Winston-Salem is an economically divided city, and those divisions have only accelerated following the Great Recession. Since then, while total home values throughout the city have soared, in East Winston, they've steadily declined from nearly $3.5 billion dollars in 2007 to just over $1 billion today.

A study by the public problem-solving organization New America, based in Washington D.C., and Winston-Salem State University's Center for the Study of Economic Mobility (CSEM) — researching barriers to economic mobility — shows why it's happening, the impact it's having on individuals and neighborhoods, and what can be done to stop it.

The report is titled The Lending Hole at the Bottom of the Homeownership Market. CSEM Co-authors Zach Blizard and Craig Richardson spoke with WFDD's David Ford.

Interview Highlights

Craig Richardson on the Dodd-Frank banking regulations that came out of the Great Recession. What the regulations were intended to do, and how they affected first-time homebuyers: 

Prior to 2008, there was a tremendous laxity in lending standards for people buying homes, very little documentation. And so, there was this huge housing bubble. And many people at the bottom of the ladder — low-income folks —were taking advantage of a lot of lending practices. And so, Dodd-Frank regulations came in, in the wake of the financial crisis, after 2008, to try to stop a lot of this predatory lending by some of these institutions.

Now, one of the things that we've found in the study is that in the aim of trying to help folks at the bottom of the economic ladder, some of the least affluent, these regulations actually swung too far the other way. They have made it extremely difficult, and unprofitable for banks to be in the lower end of the market, that is the sub $100,000 area. And as a result, the regulations have made all loans more expensive. But the smaller loans are the most expensive to process. And banks have left the market across the country, including in Forsyth County.

As a result, we have a huge change in terms of homeownership at this level. Seventy-five percent of all small dollar homes less than $100,000 are now purchased through cash — that is to say, people who have $100,000 in their pocket, versus 30 percent in 2001. There's been a tremendous change in who buys these inexpensive homes. And of course, a locking out of buying that home by that person with a modest income.

CSEM and New America data shows that a $1,000 investment made in East Winston 15 years ago yielded a 57% loss, whereas that same investment elsewhere in Forsyth County has led to 29% gains. Graph courtesy of CSEM and New America.

Zach Blizard on tracking home values in East Winston and the rest of Forsyth County from 2000 to present: 

We looked at home values across that time frame, and we adjusted for inflation. And we saw that home values in East Winston and across the county plummeted around the financial crisis. But the plummet in East Winston was just incredible, relative to the overall county. Across the rest of the county home values have largely, you know, reached that pre-financial crisis level. But in East Winston home values fell so far, and they're so slow to begin that steady climb back up that it's probably going to take them another 30 years or so to reach that pre-financial crisis level.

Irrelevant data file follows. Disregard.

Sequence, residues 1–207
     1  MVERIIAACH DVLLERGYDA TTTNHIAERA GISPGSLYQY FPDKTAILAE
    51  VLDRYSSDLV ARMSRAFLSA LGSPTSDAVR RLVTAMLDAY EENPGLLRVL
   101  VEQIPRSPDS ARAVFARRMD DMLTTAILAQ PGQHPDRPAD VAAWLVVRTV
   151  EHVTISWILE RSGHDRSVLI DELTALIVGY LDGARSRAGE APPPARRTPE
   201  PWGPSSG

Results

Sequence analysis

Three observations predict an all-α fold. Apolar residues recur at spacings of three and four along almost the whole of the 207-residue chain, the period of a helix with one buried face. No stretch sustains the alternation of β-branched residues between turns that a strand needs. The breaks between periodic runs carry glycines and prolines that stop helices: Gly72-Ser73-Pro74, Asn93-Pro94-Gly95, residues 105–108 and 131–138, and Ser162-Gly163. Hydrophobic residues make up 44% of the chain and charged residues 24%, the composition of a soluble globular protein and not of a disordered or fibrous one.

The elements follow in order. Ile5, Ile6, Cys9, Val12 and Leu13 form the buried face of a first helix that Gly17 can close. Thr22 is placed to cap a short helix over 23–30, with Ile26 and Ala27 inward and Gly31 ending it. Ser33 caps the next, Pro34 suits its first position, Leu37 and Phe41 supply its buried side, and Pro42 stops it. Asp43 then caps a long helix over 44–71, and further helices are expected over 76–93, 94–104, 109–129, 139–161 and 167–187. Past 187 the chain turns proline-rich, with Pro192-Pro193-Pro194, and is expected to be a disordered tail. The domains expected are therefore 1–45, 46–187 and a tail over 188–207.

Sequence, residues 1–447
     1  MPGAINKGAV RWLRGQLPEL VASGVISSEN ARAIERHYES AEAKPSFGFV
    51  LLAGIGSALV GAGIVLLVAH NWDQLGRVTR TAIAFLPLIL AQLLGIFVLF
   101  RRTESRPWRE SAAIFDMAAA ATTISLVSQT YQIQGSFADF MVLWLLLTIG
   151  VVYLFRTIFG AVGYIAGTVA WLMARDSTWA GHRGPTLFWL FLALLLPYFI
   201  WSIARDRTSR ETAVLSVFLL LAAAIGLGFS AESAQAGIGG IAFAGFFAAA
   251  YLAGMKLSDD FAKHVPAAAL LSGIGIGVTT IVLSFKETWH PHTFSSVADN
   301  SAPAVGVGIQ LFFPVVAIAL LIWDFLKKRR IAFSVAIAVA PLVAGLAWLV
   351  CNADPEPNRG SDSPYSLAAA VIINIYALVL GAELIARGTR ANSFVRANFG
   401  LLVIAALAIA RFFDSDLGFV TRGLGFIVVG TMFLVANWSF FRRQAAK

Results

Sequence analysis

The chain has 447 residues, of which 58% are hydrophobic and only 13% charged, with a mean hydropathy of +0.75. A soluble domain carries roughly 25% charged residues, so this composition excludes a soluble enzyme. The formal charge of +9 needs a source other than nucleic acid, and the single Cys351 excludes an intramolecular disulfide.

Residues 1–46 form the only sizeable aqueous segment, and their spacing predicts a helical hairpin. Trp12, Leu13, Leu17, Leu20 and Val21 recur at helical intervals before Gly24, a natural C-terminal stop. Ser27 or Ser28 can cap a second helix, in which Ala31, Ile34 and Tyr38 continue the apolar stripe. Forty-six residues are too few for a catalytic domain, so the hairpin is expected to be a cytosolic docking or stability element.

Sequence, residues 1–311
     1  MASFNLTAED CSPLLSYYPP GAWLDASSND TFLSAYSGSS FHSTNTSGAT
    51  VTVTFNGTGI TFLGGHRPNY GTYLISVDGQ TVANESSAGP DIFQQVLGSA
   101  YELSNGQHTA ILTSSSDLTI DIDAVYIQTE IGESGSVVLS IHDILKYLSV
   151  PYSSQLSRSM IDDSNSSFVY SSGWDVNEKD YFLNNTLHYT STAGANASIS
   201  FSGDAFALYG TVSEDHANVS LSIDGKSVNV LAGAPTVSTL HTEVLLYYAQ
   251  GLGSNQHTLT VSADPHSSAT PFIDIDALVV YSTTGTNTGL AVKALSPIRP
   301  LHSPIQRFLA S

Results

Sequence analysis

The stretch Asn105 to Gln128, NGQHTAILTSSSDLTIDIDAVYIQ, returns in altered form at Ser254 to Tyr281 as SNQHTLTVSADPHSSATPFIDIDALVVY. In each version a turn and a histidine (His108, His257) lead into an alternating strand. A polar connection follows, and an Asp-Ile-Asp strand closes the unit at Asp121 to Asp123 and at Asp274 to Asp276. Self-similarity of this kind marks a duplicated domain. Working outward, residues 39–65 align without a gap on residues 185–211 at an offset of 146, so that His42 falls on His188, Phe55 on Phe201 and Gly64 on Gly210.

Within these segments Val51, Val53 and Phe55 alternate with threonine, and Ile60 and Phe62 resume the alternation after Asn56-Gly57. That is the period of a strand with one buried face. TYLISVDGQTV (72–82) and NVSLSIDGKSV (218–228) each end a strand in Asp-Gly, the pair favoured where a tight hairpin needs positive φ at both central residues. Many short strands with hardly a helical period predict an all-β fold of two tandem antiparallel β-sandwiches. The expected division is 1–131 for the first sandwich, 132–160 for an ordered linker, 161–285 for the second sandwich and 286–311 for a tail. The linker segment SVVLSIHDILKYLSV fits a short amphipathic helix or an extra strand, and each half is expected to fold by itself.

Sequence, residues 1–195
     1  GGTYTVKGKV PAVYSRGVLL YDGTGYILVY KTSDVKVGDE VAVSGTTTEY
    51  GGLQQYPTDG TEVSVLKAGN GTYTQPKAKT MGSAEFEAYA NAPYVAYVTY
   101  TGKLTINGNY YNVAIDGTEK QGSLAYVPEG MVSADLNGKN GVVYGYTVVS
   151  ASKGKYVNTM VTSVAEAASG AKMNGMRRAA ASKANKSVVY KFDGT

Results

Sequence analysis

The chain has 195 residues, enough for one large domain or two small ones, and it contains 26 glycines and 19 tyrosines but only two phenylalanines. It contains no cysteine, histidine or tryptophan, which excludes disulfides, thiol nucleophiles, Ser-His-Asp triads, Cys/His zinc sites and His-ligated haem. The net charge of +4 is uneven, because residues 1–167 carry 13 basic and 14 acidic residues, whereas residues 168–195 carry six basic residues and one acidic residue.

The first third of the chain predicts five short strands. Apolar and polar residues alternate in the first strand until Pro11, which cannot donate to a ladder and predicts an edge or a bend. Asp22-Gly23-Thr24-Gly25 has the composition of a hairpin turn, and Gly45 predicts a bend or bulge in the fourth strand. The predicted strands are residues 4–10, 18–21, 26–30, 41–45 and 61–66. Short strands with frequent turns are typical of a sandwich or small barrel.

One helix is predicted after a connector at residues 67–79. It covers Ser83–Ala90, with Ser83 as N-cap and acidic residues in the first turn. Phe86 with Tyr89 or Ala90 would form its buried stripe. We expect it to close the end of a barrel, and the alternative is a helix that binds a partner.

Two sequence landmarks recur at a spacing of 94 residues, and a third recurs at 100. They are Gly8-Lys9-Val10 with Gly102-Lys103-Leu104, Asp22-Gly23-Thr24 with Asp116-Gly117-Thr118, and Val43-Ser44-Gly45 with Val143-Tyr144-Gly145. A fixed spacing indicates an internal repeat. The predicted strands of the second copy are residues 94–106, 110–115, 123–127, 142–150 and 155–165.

Craig Richardson on buyers being squeezed out of the market and the consequences of all this for the homes themselves and the neighborhoods:

So, if we have now eliminated a large swath of potential homebuyers, people who are thinking about building wealth, and what we have left are cash buyers, cash buyers who may not even live in the city, they have a different goal than somebody who has a home who's thinking about passing that to the next generation. Their impetus is to make some sort of return on that property, but not really invest in that property in the same way that a homeowner would. And given the fact that there's a lot more rental properties occurring in the neighborhoods, that can lead to a downward spiral that is self-reinforcing, because if everybody around us is renting, and there's not particularly much investment going on in those homes, that's going to pull down the value jointly of all the homes together. So that's a real problem to overcome.

Zach Blizard on what can be done to reverse the tide with regard to small home loans and allowing more people to access them:

At a larger scale, there seems to be the need to potentially revisit some parts of Dodd-Frank, maybe to remove some of the constraints when it comes to those fees, those fixed costs, those fixed processing costs. And then there's also the need to just kind of expand the education surrounding other lending options. So, for example, local credit unions, they often offer a wide range of products that you know, many people are unaware of there, they can be more flexible. They also might be more willing to make smaller loans.

*Editor's Note: This transcript was lightly edited for clarity.



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